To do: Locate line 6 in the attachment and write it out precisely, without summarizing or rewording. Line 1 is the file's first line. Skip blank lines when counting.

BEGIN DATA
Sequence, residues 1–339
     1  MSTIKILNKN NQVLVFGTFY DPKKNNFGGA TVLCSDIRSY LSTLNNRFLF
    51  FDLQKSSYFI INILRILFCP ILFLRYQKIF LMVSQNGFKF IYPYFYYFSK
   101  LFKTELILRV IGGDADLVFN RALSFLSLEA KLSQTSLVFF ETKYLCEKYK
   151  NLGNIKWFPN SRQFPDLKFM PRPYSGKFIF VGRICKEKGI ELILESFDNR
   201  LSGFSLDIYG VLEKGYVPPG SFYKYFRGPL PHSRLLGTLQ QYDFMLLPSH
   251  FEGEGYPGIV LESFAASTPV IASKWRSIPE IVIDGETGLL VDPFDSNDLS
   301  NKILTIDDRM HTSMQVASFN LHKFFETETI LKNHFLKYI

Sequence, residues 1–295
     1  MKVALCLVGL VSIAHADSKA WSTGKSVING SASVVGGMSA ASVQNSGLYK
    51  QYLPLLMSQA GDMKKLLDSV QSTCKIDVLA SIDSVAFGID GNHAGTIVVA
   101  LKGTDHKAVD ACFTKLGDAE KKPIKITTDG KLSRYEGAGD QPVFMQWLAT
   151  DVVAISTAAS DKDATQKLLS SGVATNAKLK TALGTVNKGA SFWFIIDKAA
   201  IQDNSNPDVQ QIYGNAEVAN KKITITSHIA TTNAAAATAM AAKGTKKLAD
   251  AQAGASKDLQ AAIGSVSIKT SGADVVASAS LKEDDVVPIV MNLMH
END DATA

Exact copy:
   201  LSGFSLDIYG VLEKGYVPPG SFYKYFRGPL PHSRLLGTLQ QYDFMLLPSH